U.S. Senate Majority Leader Mitch McConnell (R-KY) announced today Kentucky is eligible to receive $43,799,187 from the U.S. Department of Education to meet students' and institutions' needs during the coronavirus pandemic. The federal funding, delivered through the Governor's Emergency Education Relief Fund, was made available by the Coronavirus Aid, Relief, and Economic Security (CARES) Act. The bipartisan CARES Act, introduced by Senator McConnell, became the largest economic rescue package in American history. Because of the unique challenges facing students, school districts, and colleges and universities, the CARES Act provides extraordinary flexibility to governors to use these emergency federal resources. After completing the application process, Governor Andy Beshear (D-KY) will be able to rush funding to K-12 schools and higher education institutions based on the Commonwealth's needs. "During the coronavirus crisis, Kentucky's schools have responded with innovative solutions to continue educating students while keeping them safe," said Senator McConnell. "With the bold federal resources available through the CARES Act, educators, administrators and parents will have more of the support they need to care for their school community. I'm glad this funding will help Kentucky's next generation of leaders continue to receive a top-tier education. " "Governors have the opportunity to truly rethink and transform the approach to education during this national emergency and ensure learning continues," said U.S. Secretary of Education Betsy DeVos. "At a time when so many school boards and superintendents have shut down learning for the balance of the school year, I want to encourage each and every governor to focus on continuity of education for all students. Parents, families, teachers and other local education leaders are depending on their leadership to ensure students don't fall behind." In addition to this announcement, Kentucky communities and organizations have so far received nearly $948 million to address urgent housing, transportation, healthcare, education and economic development priorities from Senator McConnell's CARES Act. Last week, Senator McConnell announced Kentucky colleges and universities would receive more than $156 million from the U.S. Department of Education to support their students during the pandemic. The emergency financial aid can be used by students for course materials, technology, housing, food, healthcare and childcare costs.
U.S. Sen. Ted Cruz (R-Texas) today introduced the Education Freedom Scholarships and Opportunity Act (S. 634), legislation that would expand elementary, secondary, and vocational education opportunities for students by providing a federal tax credit to encourage individuals and businesses to donate to nonprofit scholarship funds. Sens. Tim Scott (R-S.C.), Lamar Alexander (R-Tenn.), Joni Ernst (R-Iowa), Pat Toomey (R-Penn.), and Tom Cotton (R-Ark.) also joined as original cosponsors of the legislation. In the U.S. House of Representatives Congressman Bradley Byrne (R-Ala.) filed complimentary legislation. Read the full text of the bill here. "I believe every student has the fundamental right to a quality education, as a quality education is the gateway to the American dream and stable, family-sustaining employment," Sen. Cruz said. "I introduced the Education Freedom Scholarships and Opportunity Act, which will drive increased investment in our students, by creating a federal tax credit for taxpayers that donate to scholarship organizations supporting elementary and secondary education as well as secondary and post-secondary workforce training. My bill allows for scholarships to give elementary and secondary students a personalized education experience, as well as scholarships for career and technical education, apprenticeships, certifications, and other forms of workforce training for postsecondary students. It is my hope that this bill will not only incentivize voluntary investment in our students, but will also energize a new era of opportunity in education and provide a brighter future for all Americans." "Every student in America deserves to learn in an engaging, meaningful and personalized way," Secretary DeVos said. "No student should be denied that opportunity simply because of where they live or their family income. Education Freedom Scholarships will make a historic investment in our students and their futures, finally putting the individual needs of students above all else. I want to thank Senator Cruz for his long-time advocacy for education freedom and for his continued leadership in the Senate on this important issue." "Every student in America should have the opportunity to receive a high quality education, and we can help accomplish that goal through a new federal tax credit. This model has succeeded at creating opportunity for students in Alabama, and I am hopeful through this legislation we can create similar opportunities for students around the country. I applaud the leadership of President Trump and Secretary DeVos to expand choice and freedom in education, and I am committed to working with them and Senator Cruz to see this legislation across the finish line," Congressman Byrne said. "Education is the single-most impactful gift our generation can pass on to the next one. In every city, county, and state, we must do everything we can to ensure that access to quality education is top-of-mind as we strive to build a better life for our children. As part of my America 2030 agenda, I'm proud to partner with Senator Cruz to work towards a future in which kids like me, born into a single-parent family in poverty, have a chance to dream bigger," said Senator Scott. "Low-income families should have more of the same choices for schooling that wealthier families already have for their children," Sen. Alexander said. "This legislation will give more American families broader choices of the best possible educational opportunities for their children, and will give states more incentives to create their own scholarship programs." "There is no greater form of local control in education than directly empowering families to choose the best K-12 educational option for their children. The Education Freedom Scholarships bill is a major step forward in empowering families with greater educational choice and ultimately greater economic benefit for students," said American Federation for Children President John Schilling. "This tax credit will expand opportunities for individuals interested in a career in the skilled trades and will go a long way in addressing the worker shortage faced by electrical contractors across the country," said Independent Electrical Contractors Vice President Jason Todd. Key provisions of the Education Freedom Scholarships and Opportunity Act include: Optional for States: State participation is optional -- an issue important to prevent extending federal control over education. State Directed: States maintain the authority to create a program that works for them. States can decide which students are eligible for the scholarship credit, what constitutes eligible educational expenses and eligible educational providers, and more. Encourages Workplace Training Education: There is more than one pathway to success, and our rapidly-changing 21st century economy means that workers need new skills to compete. In addition to elementary and secondary education scholarships, this bill allows for scholarships related to career and technical education, apprenticeships, certifications, and other forms of workforce training for postsecondary students. Prohibits Federal Control of Education: Clarifies that nothing in this act shall be construed to permit, allow, encourage, or authorize any increased regulation or control over any aspect of a participating educational provider, scholarship granting organization, or workforce training organization. This allows all education providers to be able to participate, without fear of federal control. Helps Our Most Vulnerable Students: Many low- and middle-income students cannot afford tuition and educational expenses themselves, or do not have the means to pay for the workforce training needed to secure a stable, high-paying job. This tax credit will provide scholarships for these students, so that they can have the opportunity to receive an effective and successful education that prepares them for the future.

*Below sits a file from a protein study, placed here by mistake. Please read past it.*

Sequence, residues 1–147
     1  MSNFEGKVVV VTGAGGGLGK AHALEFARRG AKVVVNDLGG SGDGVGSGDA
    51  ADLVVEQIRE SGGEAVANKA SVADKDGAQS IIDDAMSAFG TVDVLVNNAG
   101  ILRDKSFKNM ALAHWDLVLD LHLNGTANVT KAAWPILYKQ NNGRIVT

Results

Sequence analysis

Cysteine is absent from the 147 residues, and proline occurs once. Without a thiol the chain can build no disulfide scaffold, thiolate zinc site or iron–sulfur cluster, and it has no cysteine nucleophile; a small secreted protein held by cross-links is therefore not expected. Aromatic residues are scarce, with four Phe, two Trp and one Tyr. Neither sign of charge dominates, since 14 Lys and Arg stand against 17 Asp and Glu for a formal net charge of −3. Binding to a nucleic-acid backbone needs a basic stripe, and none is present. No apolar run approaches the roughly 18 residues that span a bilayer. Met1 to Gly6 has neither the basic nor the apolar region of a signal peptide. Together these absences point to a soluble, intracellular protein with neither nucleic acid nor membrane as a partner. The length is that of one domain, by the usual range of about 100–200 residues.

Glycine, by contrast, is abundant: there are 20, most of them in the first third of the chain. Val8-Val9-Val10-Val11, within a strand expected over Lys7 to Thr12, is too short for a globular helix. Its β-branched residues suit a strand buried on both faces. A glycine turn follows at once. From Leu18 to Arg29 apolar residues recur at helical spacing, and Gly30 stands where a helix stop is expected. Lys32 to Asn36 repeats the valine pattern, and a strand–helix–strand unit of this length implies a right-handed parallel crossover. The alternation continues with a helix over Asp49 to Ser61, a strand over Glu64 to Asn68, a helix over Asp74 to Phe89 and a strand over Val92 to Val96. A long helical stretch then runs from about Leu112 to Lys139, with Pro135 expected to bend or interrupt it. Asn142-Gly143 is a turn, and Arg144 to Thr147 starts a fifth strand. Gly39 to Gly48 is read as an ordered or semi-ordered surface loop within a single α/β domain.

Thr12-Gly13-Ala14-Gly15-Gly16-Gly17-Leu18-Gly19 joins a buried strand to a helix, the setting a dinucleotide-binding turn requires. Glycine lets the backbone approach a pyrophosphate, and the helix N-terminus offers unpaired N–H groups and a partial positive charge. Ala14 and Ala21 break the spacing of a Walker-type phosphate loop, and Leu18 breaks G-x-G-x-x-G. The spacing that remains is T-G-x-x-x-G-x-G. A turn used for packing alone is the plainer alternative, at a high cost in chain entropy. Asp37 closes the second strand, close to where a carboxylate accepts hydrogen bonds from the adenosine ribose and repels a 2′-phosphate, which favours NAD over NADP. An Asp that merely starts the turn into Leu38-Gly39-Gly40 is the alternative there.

Dear Secretary Nielsen: I am writing to request information regarding the Department's Student and Exchange Visitor Program (SEVP), and enforcement of regulations that prevent spurious businesses from posing as institutions of higher learning. Some of these businesses appear to be taking advantage of the fact that the U.S. government permits privately employed "Designated School Officials," over whom we have limited oversight, to authorize the issuance of student visas and approve foreign students to work in the U.S. While many reputable colleges and universities enroll foreign students, dozens of questionable schools appear to be operating "visa mills" that provide little or no educational benefit to those who pay tuition, instead acting as surreptitious employment agencies for aliens seeking to work in the United States. These institutions, many of which operate as section 501(c)(3) (tax exempt) educational institutions, are costing American workers millions of dollars in lost taxes and employment opportunities, and contribute disproportionately to the large and growing population of foreign students and exchange visitors--nearly 80,000 in 2016--who overstay visas to remain in the United States without legal authorization. They also raise serious national security concerns. Foreign Students Present a Growing Overstay Concern The size of the overstay population is growing, and students overstay at a much higher rate than other non-immigrant visitors. In 2017 DHS reported that "[o]f the 1,457,556 student and exchange visitors scheduled to complete their program in the United States in FY16, 79,818 stayed beyond their authorized window for departure, resulting in a 5.48 percent overstay rate" (compared to less than 2 percent for the general non-immigrant population). Of the 79,818 student overstays at the time of the report, 40,949 were suspected "in-country" overstays, that is, 2.81 percent of the 2016 departing student population was presumed to have remained, unlawfully, in the United States. The System Perversely Rewards Those Who Recruit and Hire Foreign Students Given the growing overstay problem, we should be imposing tighter restrictions on foreign students who apply to U.S. schools. Instead, successive administrations have expanded paid "practical training" programs--effectively entry level career placement, but not available to U.S. students--which give an unlimited number of foreign students access to the U.S. job market. Ostensibly, these training programs are tied to the course of study, but with careful planning, students can leverage "Curricular Practical Training" (CPT) and "Optional Practical Training" (OPT) to work in the United States for more than a decade. As a result, the population has exploded with more than a quarter million foreign students working in one of these government-approved, alien-only, paid "training" programs, as of August 2017. These employment opportunities generate a huge draw for foreign students. For many aliens, U.S. wages outstrip home country earning potential by an order of magnitude, and paying relatively modest tuition and fees in exchange for the opportunity to net tens or hundreds of thousands in salary is an easy trade-off. Some applicants will do whatever it takes to get a student visa, and, as one put it: "I saw almost all (99.99%) students from India came here for one primary goal: Get a job and earn money in a short span." Once here, many visa mill students will take their chances and overstay, remaining for as long as possible to maximize profit. Schools are exploiting the lure of employment opportunities as well, to maximize revenues, because foreign students pay full tuition--up to "two or three times as much as local students." To capitalize on this windfall, many schools actively recruit foreign students with promises of U.S. employment, and some have gone so far as to reclassify programs so that foreign students qualify for extended work authorization. For example, Pomona College, Williams College, Yale, and MIT all recently reclassified their Economics programs so that they qualify for the Department of Education's "STEM" designation, because foreign students in STEM fields can work in the U.S. for three years or more after graduation. Of greater concern is the obvious manipulation of the system by suspect educational institutions. For example, Stratford University--a nearly unknown visa mill in Northern Virginia that is reported to have 3,300 students on 4 campuses--has approved more foreign students for OPT STEM extensions than all Ivy League schools combined. It appears that Stratford and many similar schools operate in large part as a way for foreign students to sign up for OPT and CPT. U.S. employers who hire foreign students also reap a windfall, because they are exempted from payroll taxes--a cost savings of around 8 percent per student-employee. Some schools actually promote foreign students to the business community, for this reason. Employers who hire new U.S. grads, however, receive no such tax break--creating a perverse incentive to hire foreigners rather than newly graduated Americans. Given all of these financial incentives--for students, schools, and employers--it's unsurprising that foreign student enrollment has exploded, while recent American grads are un- or under-employed. Unfortunately, our government has delegated much of the authority surrounding foreign student employment to the very individuals and entities that benefit the most--schools and school officials. Schools Standing to Profit Are the Ones Who Approve Student Employment A school must be certified by SEVP, before "Designated School Officials" (DSOs) are free to issue the form I-20, which permits an alien to apply for a student visa, or to approve students for OPT and CPT employment programs. DSOs are also responsible for entering information about the student into the SEVP tracking system, for example, reporting whether the student actually arrived at school and enrolled for classes. Prospective students take their DSO-issued I-20 form to a U.S. embassy or consulate and apply for a visa. Consular officers and Customs and Border Protection (CBP) officials at the port of entry ordinarily rely on SEVP's determination that the "school is a bona fide, established institution of learning which possesses the necessary facilities, personnel, and finances to conduct instruction in recognized courses of study." In short, once a school is SEVP-certified, the rest of the U.S. government recognizes its legitimacy for the purposes of accepting foreign students. DSOs recommend students for "practical training" employment by entering a request in the Student and Exchange Visitor Information System (SEVIS), after which a student must file a request for employment authorization from U.S. Citizenship and Immigration services (USCIS). CPT authorization is employer specific--the student must have an offer in hand--but a DSO can recommend a student for OPT before the student has located a position, and thus, without knowing the details of the job. For both programs, the work must be "directly related" to the student's major area of study. Schools Under Investigation Continue Enrolling Foreign Students Several schools that exhibit the suspect characteristics of likely visa mills nonetheless retain SEVP certification,  and continue to issue I-20s and approve student employment. Publicly available information regarding enforcement actions suggests that school decertification, when it does happen, is a slow process. For example, in the case of Herguan University, the school's Principal DSO, Jerry Wang, was indicted on July 24, 2012, for conspiring to commit visa fraud and creating false documentation in support of the school's SEVP certification application (among other offenses). These activities surely called Herguan's authority to issue I-20s into question, but it was not until almost three years later, on March 31, 2015, that SEVP finally withdrew Herguan's certification--just shortly before Jerry Wang pled guilty on April 9, 2015. Herguan's appeal of the SEVP action was effectively denied in December, 2016. Another school, Tri-Valley University (TVU), was certified to admit 30 foreign students in 2009 but by May 2010--when ICE began an investigation--had enrolled 939. The next fall, Tri-Valley had 1,555 foreign students, before the school was shuttered due to an astonishing list of criminal activity by the school's founder, Susan Su. TVU "students" reportedly took no classes, but exchanged tuition and fees for I-20s and work approval. After closure, hundreds of TVU students were, mystifyingly, permitted to transfer to other schools. Other Highly Suspect Schools Continue to Bring Foreign Students to the United States Dozens of suspect schools continue to operate, bringing thousands of foreign students to the United States every year. A small but representative handful are listed below. Despite documented harms to the U.S., and real reason for concern regarding the institutions' actual purpose, these schools continue to churn out I-20s and work approvals: Silicon Valley University (SVU): in 2015 hundreds of Indian students, many admitted to SVU, were denied entry to the United States by CBP. News reports suggested that the school might be operating as a visa mill, and in candid interviews students admitted to working "at gas stations, retail outlets, and even restaurants as part of "CPT' to earn a quick buck[.]" Since that time, CBP has made no public statements regarding SVU's status, and the school has retained its SEVP certification, sponsoring thousands of aliens for student visas and approving unknown numbers for alien-only "training" programs.Northwestern Polytechnic University (NPU): NPU has a long history of suspect behavior, and many of NPU's students were turned around by CBP at ports of entry in 2015. In 2014, a whistleblower reported egregious abuses at the school, including the falsification of grades to permit foreign students to maintain their visas and keep working in the United States. NPU "has become one of the country's largest importers of international students," and in 2015 that population had increased by more than 350 percent in two years--to 9,026. Despite multiple credible reports suggesting that NPU operates a visa mill, and despite CBP's 2015 action, as of the writing of this letter, NPU retains its SEVP certification. Stratford University: On its web site, Stratford University touts its accreditation by the Accrediting Council for Independent Colleges and Schools (ACICS), with no mention of ACICS's recent derecognition by USDE, writing that it "has the authority to issue I-20s by (sic) the U.S. Immigration and Naturalization Service (sic) for F-1 visas." Among other errors, Stratford officials appear to be unaware that the Immigration and Naturalization Service was renamed in 2004, when it was folded into the Department of Homeland Security. This calls into question the required DSO attestations--a part of SEVP certification--that school officials are familiar with regulations governing foreign students.University of North America (UNA): this ambitiously named school indicates that it is "accredited by ACICS" and "listed by the US Department of Education." The referenced USDE web site, however, indicates that ACICS is "no longer recognized" and the school's "next review date" is 12/31/ 2017. No more recent information on accreditation is posted. On December 27, 2016, UNA issued a press release in which it announced that ACICS derecognition would not affect "student visas, OPT, or CPT."Against this backdrop, I am trying to understand what DHS, ICE, and SEVP are doing to eliminate visa mills, protect U.S. graduates, and combat student visa overstays. To assist with this oversight, please respond to the following questions by April 13, 2018: Questions I am concerned that DSOs are permitted to recommend student employment without obvious oversight mechanisms. What steps, if any, does SEVP take to evaluate a DSO's recommendation that a student be authorized to work? Who determines that CPT or OPT is "directly related" to a student's major area of study, and how is that requirement evaluated? Please provide any relevant policy memoranda, internal guidance, or procedures. Does SEVP investigate actual employment conditions to ensure that student employment is indeed directly related? If the answer is yes, how many times have students been terminated from OPT or CPT because the actual work was not "directly related"? What government entity, if any, reviews the student-prepared and DSO-approved I-983 "training plan"? If the training plan is reviewed by any DHS entity, what standards are applied to the review? Please provide any policy memoranda, internal guidance, or procedures related to the evaluation of form I-983. What corrective measures are taken if a school or DSO does not comply with relevant SEVP rules, procedures, or regulations?Has DHS/SEVP ever denied or terminated a school official's permission to act as DSO? If the answer is yes, please provide the number of officials who have been denied or terminated, and describe the facts and circumstances that warranted the denial/termination, in a confidential submission if necessary. When DHS is made aware of alleged problematic activity that could reasonably lead to a school's decertification, at what point in the investigation or decertification process does SEVP terminate a school's authority to issue I-20s? To approve CPT or OPT? When and how does SEVP (or any other DHS entity) notify other U.S. government agencies that concerns exist regarding the activity or certification status of a particular school?How does SEVP track problematic schools to maintain awareness and continuity for enforcement purposes? Does SEVP maintain a list?If a list of problematic schools is maintained, what criteria are used to determine whether a school should be added to the list?Please provide any list(s) of problematic schools maintained in the SEVP certification context, in a confidential submission if necessary. Based on the limited publicly available information, SEVP appears to wait until the very end of an investigation or criminal prosecution, before it takes action against schools that engage in visa or document fraud, or other improper activity. This exposes the U.S. to significant risk, given the high student visa overstay rate, and the national security implications. Given that this is an administrative program, and DHS has authority to take appropriate action, why doesn't SEVP suspend a school's certification as soon as it becomes aware of serious allegations that could impact a school's certification, instead of waiting, sometimes for years, to take action? Regarding the following schools, please explain the impacts of, and reason for, the delay between the time information suggesting that the school (or a school official) was involved in improper activity became available, and the time when SEVP took action to stop the school from issuing I-20s, or approving students for CPT and OPT. Herguan University: why did SEVP wait three years before decertifying the school? How many I-20s did Herguan issue after Jerry Wang was indicted on July 24, 2012? What was the date of the last I-20 issued by Herguan?How many Hergaun students were approved for CPT or OPT after Wang was indicted?How many students entered the United States to attend Herguan between Wang's indictment and SEVP's actual decertification?If such information is available, please provide the number of Herguan students who are suspected in-country overstays as of the time of your response. Tri-Valley University (TVU): ICE first received a tip about TVU in May 2010, and Susan Su was indicted in November, 2011. When was TVU decertified by SEVP? How many I-20s did TVU issue between May 2010 and the date of decertification? How many did TVU issue after November, 2011?How many TVU students were approved for CPT or OPT after May 2010? After November, 2011?How many students entered the United States to attend TVU after May 2010? After November, 2011?If such information is available, please provide the number of former TVU students who are suspected in-country overstays as of the time of your response. Regarding each of the four schools in the bulleted list above, please answer the following questions: Is the school still SEVP certified (as of the date of your response)?Is the school (or any school official) under investigation for any improper activity that, if true, could result in decertification? If yes, please provide details regarding the nature of the investigation, in a confidential submission, if necessary.Of the student population: How many foreign (or "international") students are enrolled at the school?How many U.S. residents are enrolled?What is the total enrollment?How many students currently participate in CPT or OPT?How many students have a home address in a state different than the school or campus? Of these, how many are participating in OPT? Overstay detection and prevention: Under the SEVP framework, aDSO is responsible for reporting whether or not a student shows up and begins classes by the Initial Session Start Date and whether or not the student returns and enrolls at the start of each new session. Your publicly available guidance indicates that a DSO must "terminate" a student record in SEVIS if she or he knows that a student entered the country but did not enroll for classes, or should "cancel" the student, if the student did not enroll and the DSO is unsure if the student entered the country. What action, if any, does SEVP and/or ICE or DHS take if a student is terminated? What efforts does ICE make to locate and remove the student?Please explain the difference between terminating a record in SEVIS, and cancelling one, in terms of immigration status. Specifically: If a student's SEVIS status is cancelled, will that result in the student being out of legal status pursuant to U.S. immigration law? If a student's SEVIS record is "cancelled," and he or she later attempts to enter the United States on his or her student visa, will entry be denied solely on the basis of the SEVIS cancellation (assuming no error by immigration officials)? If such records are available, how many students were known or believed to be present in the United States (based on port of entry records or other reliable information) and subsequently were terminated in SEVIS because they did not report for the initial session, or for a new session, in the last three years (2015, 2016, 2017)? Of those who were terminated, how many have been located by ICE? Please provide any information readily available regarding how many of such students are in removal proceedings or some other form of administrative proceedings related to immigration status. Financial support: your regulations require that foreign students may be admitted if she or he presents "documentary evidence of financial support" and the Department of State relies in part upon the I-20 as evidence that the student "is financially able to pursue the proposed course of study." Nonetheless, DHS policies permit paid student employment, which seems to run contrary to the concept that students be self-supporting. What is the earliest date after a student's arrival for the initial term that he or she can begin to work for pay (in any program, including on-campus employment, CPT, or OPT)? How many students in 2015, 2016, and 2017, began working as soon as permitted? Thank you in advance for your cooperation with this request. If you have any questions, please contact Brad Watts or Katherine Nikas of my Judiciary Committee staff at (202) 224-5225. Sincerely, Charles E. Grassley Chairman Committee on the Judiciary Cc: The Honorable Elizabeth DeVos Secretary U.S. Department of Education The Honorable Rex Tillerson Secretary U.S. Department of State